I kind o... (more »)
 
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Tashie said...
Dec. 4, 2009 at 1:48 pm:
Very valid. The whole election was boistered on not being racist, on seeing past color, but every article in the newspaper proclaimed African American. If supporters of Obama can't see past his skin color, then how can they expect others too? It's like the Nobel Prize, part of me feels that he was awarded that due to skin color. I applaude what he stands for and the direction he wants to take America in, but my views are educated, researched and based on his prior actions, not the way ... (more »)
 
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E.L.W. said...
Nov. 21, 2009 at 12:59 pm:
Very good article -- and I love the point being made. We have all black colleges which many applaude, but if there was an all white college nowadays there would be an uproar. Racism goes both ways.
 
scribblesinthecity replied...
Mar. 10, 2010 at 7:14 pm :
but heres the thing: look at the average high-end college in america (like Harvard for example), how many African-american students do you see? not many, or at least much less that the number of white students. the percentage of African American college enrollment is still much much lower that that of white Americans (im pretty sure its about 12% for black people, 75 % for whites. but i cant say those are the exact numbers). So in a way, im sure many black kids look at colleges like Harvard and ... (more »)
 
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LUVSPIE!!! said...
Nov. 12, 2009 at 7:53 pm:
This article really made me think. Part of me agrees and the other doesn't. I'll be thinking about this writing for a while, but good job.
 
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firstsnowfalls This work has been published in the Teen Ink monthly print magazine. said...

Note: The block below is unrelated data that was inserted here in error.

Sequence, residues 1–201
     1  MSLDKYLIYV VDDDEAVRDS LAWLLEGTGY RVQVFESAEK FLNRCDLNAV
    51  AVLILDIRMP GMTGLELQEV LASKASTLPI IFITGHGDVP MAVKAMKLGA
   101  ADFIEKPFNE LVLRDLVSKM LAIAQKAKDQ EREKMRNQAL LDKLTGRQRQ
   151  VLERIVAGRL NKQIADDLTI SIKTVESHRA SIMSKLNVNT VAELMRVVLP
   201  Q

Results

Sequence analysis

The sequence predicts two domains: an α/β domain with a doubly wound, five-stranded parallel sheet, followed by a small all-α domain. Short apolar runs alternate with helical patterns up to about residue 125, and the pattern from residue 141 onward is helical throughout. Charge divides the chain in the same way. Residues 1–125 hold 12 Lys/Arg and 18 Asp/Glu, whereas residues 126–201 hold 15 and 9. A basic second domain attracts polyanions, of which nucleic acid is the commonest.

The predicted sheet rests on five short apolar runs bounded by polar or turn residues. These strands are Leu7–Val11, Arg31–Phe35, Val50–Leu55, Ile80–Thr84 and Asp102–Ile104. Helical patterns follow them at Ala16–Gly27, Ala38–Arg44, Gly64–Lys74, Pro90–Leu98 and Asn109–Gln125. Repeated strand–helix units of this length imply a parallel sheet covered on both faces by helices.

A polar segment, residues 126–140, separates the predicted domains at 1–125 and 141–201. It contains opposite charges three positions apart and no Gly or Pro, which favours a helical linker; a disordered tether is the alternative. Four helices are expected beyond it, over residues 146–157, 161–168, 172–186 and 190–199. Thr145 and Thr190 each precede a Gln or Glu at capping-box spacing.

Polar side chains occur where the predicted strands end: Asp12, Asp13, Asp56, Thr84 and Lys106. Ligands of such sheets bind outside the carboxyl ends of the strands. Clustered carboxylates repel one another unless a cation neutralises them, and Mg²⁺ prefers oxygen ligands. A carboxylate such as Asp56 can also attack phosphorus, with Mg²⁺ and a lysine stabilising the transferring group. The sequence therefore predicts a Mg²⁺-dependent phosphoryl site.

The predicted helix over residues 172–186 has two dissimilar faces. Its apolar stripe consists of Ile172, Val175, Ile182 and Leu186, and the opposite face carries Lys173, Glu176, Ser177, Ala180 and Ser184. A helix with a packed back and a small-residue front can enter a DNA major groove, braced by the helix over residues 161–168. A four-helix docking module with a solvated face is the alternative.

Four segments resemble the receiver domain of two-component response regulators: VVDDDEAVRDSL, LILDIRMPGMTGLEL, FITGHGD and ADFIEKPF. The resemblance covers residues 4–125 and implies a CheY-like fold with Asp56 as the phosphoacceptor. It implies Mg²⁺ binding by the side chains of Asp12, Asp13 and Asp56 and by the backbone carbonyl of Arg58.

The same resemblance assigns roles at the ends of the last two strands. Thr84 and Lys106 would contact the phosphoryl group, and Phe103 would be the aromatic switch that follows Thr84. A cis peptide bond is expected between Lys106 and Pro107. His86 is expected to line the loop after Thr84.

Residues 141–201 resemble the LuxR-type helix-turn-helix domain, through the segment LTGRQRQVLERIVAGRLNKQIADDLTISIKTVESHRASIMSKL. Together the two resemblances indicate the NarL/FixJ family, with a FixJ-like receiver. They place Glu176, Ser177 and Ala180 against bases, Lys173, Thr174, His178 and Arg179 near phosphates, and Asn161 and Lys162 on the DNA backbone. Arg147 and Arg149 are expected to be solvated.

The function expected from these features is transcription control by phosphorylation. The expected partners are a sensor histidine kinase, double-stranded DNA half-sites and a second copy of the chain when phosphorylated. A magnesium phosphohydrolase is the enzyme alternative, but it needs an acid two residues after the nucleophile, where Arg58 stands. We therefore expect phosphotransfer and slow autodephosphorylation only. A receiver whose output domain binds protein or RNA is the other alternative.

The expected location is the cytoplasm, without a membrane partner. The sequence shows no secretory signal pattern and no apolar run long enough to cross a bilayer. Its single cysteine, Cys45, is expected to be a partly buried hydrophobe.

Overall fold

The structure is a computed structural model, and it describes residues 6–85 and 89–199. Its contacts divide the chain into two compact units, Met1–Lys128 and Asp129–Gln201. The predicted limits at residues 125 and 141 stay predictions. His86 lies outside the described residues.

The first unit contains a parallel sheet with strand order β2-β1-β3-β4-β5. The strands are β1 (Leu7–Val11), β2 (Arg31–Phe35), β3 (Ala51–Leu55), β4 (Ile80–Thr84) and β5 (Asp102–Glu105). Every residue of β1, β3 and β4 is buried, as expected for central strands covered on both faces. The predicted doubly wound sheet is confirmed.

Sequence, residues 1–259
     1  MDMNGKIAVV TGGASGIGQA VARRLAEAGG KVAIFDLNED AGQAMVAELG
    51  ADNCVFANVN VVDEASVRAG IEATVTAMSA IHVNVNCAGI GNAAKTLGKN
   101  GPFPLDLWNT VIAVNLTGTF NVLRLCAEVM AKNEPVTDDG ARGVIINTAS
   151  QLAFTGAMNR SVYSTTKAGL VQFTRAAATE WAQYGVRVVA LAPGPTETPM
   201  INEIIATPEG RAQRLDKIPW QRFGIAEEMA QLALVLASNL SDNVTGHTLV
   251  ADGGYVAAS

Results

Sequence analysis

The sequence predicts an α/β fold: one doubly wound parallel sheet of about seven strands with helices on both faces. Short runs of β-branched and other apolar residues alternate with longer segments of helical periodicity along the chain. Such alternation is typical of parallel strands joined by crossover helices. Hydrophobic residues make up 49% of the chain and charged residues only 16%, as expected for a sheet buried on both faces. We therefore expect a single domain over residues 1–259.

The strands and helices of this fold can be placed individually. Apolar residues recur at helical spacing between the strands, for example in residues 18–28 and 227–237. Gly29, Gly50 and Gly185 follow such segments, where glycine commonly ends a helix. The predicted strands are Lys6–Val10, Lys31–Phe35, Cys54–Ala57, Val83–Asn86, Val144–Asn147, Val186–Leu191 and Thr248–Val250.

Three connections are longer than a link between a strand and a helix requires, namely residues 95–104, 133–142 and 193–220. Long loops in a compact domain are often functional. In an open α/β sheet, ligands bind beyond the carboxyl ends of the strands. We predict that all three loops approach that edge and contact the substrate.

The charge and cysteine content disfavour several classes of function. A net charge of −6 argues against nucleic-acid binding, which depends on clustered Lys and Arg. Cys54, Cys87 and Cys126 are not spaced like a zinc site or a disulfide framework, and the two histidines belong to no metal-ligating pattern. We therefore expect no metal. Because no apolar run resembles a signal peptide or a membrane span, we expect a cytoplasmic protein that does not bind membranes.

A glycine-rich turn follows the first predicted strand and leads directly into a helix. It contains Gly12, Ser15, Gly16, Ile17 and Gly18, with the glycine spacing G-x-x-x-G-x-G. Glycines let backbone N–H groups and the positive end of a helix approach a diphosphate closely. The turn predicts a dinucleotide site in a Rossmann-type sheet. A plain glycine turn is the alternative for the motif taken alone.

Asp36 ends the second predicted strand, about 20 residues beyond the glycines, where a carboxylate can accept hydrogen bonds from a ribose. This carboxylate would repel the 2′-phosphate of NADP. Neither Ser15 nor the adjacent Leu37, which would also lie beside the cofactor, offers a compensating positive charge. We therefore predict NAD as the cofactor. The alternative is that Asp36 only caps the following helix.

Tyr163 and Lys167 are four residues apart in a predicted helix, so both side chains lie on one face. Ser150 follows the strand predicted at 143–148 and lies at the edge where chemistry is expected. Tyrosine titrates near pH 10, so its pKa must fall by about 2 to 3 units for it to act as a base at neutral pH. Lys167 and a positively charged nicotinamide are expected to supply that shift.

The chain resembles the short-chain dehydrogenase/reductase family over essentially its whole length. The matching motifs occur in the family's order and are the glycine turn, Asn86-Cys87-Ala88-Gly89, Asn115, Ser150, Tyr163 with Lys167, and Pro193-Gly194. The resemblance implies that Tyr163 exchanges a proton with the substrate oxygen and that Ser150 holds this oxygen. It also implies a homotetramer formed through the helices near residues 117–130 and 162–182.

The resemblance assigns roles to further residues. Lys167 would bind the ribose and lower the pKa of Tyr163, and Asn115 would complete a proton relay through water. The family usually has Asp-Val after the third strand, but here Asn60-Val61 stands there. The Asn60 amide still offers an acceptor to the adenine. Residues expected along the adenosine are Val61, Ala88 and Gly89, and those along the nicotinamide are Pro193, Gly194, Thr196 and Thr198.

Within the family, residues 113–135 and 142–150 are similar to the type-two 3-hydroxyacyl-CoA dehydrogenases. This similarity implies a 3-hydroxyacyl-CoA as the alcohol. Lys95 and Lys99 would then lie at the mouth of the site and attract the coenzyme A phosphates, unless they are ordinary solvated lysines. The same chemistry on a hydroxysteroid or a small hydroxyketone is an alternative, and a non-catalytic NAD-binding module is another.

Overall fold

Nov. 12, 2009 at 6:19 pm:
I can kind of hear what you are saying but I don't believe it is for the right reasons. If racism is so nonexistent in this country, then why has their never been a black president before now? Are African Americans less smart, less qualified? No. Are women inferior to men? No. But somehow, this is our first black president and no females yet to speak of. I agree that we should look at candidates for what they bring to the table, not their color. But this is still an amazing point in... (more »)
 
scribblesinthecity replied...
Mar. 5, 2010 at 8:50 pm :
all i can say in response to your comment is: ur absolutely correct! thank you for writing this
 
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simmokim said...
Oct. 21, 2009 at 6:44 pm:
it raises the question... was Obama elected in spite of his color or because of it?
 
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EcoWriter3 said...
Oct. 21, 2009 at 4:48 pm:
Beautifully written. I agree that we should not judge Obama by his race or skin color, but how well he performs his duty.
 
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GirlWithWings56This teenager is a 'regular' and has contributed a lot of work, comments and/or forum posts, and has received many votes and high ratings over a long period of time. This work has been published in the Teen Ink monthly print magazine. said...
Oct. 21, 2009 at 4:20 pm:
Good article. First of all, I see your point. Second of all, I somewhat disagree with it. You say it shouldn't be a triumph and we shouldn't be so excited that we have the first black president, but we are. the fact is, the US is an extremely biased and racist country and it IS a triumph to have the first black president, because the US history is full of bigotry and prejudice and the fact that the American citizens have elected a black leader is astounding. And yes, just because he is... (more »)